Cities get busy as citizens Demand Broadband; Cities Get Busy

Posted by Ashley Little on December 9, 2014

broadbandYou could say it all started in Kansas City. In 2012, tech giant Google extended the high-speed broadband carrot to all residents of the mid-sized Kansas city, immediately sparking a race to become the second—and third and fourth—metro area to be hooked up to the super-fast data stream. Austin, Texas and Provo, Utah came next, 1000 more applied, and now 34 areas in 8 states are on the list for potential service.[1] 

Not all will be chosen, and hundreds of metro areas are not even on the list for future expansion (yet). However, in our era of streaming, gaming and 24/7 media choices, residents everywhere continue to demand that better, faster, more reliable service come to their city, ASAP. Nothing drives the fervor like the fear of being left behind. “Google gives something credibility. I think all the cities that are not going to get Google investments are recognizing that they need to do something,” says Christopher Mitchell, director of the Community Broadband Networks Initiative.

Broadband’s Growth Boom

Why would offering ultra high-speed internet be important to a city? One word: growth. To remain competitive, attract residents and businesses, cities are beginning to realize that offering high download speeds is a very important selling point. “Having world-class bandwidth is maybe even more important than having an NFL football team,” says Blair Levin, a former FCC official.[2] To understand more, all you have to do is look at the numbers. 

According to a White House report on the growth of American broadband published in 2013, there are more than 500 million internet-connected devices now in American homes and businesses. Serving them, average delivered broadband speeds have doubled since 2009. The report also affirms that growth, job creation and increasing wages in the U.S. depend on the proliferation of wired and wireless internet speeds. And there is also another benefit: “The build-out of broadband infrastructure itself is a major driver of American investment and job creation, but even more significant are the ways that connectivity is transforming a range of industries, from education to entertainment to agriculture to travel.”[3]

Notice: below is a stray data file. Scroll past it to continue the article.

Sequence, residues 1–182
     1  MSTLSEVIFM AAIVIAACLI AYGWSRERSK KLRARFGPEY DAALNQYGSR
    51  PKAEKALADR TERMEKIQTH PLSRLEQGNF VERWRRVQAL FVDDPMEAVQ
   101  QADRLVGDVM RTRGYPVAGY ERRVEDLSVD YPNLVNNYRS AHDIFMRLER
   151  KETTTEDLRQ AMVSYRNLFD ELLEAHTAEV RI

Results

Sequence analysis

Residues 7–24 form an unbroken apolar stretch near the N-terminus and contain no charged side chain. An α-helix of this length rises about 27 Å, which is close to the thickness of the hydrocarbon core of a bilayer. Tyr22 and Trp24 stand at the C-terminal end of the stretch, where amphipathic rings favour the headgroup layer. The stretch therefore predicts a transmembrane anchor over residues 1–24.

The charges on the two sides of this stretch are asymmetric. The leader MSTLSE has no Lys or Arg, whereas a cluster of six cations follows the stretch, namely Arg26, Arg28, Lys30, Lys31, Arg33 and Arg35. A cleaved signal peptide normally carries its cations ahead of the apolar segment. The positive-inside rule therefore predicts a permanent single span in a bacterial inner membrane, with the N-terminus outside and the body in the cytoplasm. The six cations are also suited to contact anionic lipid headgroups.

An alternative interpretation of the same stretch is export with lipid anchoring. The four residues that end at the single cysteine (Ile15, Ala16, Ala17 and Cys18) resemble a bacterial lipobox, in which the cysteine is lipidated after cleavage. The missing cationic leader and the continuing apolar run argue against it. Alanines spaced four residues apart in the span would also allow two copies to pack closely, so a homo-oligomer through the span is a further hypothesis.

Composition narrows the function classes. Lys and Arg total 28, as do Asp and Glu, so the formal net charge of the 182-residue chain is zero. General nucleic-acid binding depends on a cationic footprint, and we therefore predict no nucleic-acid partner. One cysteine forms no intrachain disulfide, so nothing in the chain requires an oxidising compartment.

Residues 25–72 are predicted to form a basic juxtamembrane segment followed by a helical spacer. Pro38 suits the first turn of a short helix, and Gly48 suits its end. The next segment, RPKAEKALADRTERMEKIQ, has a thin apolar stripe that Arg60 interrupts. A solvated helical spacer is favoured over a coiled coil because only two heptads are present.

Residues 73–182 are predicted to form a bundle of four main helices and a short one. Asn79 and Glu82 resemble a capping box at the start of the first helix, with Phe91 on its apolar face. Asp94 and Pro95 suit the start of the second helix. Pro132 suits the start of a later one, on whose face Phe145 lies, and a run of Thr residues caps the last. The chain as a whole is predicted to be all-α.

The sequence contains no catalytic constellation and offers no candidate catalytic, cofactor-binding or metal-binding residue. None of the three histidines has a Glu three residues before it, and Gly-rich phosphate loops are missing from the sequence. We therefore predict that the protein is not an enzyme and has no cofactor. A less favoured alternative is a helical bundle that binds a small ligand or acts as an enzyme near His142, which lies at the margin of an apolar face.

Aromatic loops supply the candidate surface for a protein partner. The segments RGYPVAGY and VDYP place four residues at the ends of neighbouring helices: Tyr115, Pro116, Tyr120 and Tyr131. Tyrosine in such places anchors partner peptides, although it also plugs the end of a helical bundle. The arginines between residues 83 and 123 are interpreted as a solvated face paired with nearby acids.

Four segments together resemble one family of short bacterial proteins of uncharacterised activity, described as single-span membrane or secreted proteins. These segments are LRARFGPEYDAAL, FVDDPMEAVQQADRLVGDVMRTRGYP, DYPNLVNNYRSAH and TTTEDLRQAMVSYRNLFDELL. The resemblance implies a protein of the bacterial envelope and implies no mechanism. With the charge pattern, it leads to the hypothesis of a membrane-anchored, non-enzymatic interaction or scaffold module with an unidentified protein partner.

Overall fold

For the Have-Nots, What is the Plan?

The question then is, what are cities that are not on Google’s short list doing to remain competitive and grab onto the growth and job creation boom that broadband promises for their zip codes? According to a recent article on the ARS Technica blog, those not under Google’s wing are taking a number of steps to get the job done and the data flowing, many of which have direct impact on joint use:

  • Dig once initiatives require workers to install conduit for fiber cable any time crews are digging for electrical or sewer projects, saving money and speeding up the process of deployment.
  • Demanding more of providers – Some cities are asking for customer service improvements before okaying large mergers like the one between Time Warner and Comcast.
  • Changing the law – Some states have asked the FCC to change laws that prevent community-owned utilities to offer internet service to places that request it, potentially opening the broadband floodgates.
  • Prepping infrastructure – One of the items on Google’s checklist directly impacts joint use. The company asks applying cities to “provide accurate information about local infrastructure like utility poles, conduit and existing water, gas and electricity lines so we will know where to efficiently place every foot of fiber.” Are you ready for a full field audit?
  • Going public – Many places are also readying their infrastructure for fast, free public Wi-Fi, in addition to access to homes and businesses. The reason: helping those who cannot afford in-home service be able to reap the benefits of having always-on access.

The question to ask now is “are you ready” for the influx of requests, the new need for underground conduit, and even for the preparation for broadband? If not, it's time to get started.

Ready to Get Started? Alden Systems can help:

  • Joint use audit and inventory can help make certain every pole, plant and vault is accounted for, helping owners increase revenue, improve network reliability and simply be ready for the broadband revolution to come.
  • A robust joint use management system (Like Alden’s Notify) streamlines communication, corrals paperwork and contracts, and can help pole owners speak more efficiently and effectively to the number of broadband players soon to be knocking on their doors, from city governments to telecoms to internet giants like Google.
Finally, TPA (Third-Party Joint Use Administration) can help pole owners and municipalities staff up and get a handle on increased workloads quickly and efficiently, helping everyone get the speed they need from their wireless and wired devices on a timetable built for growth.


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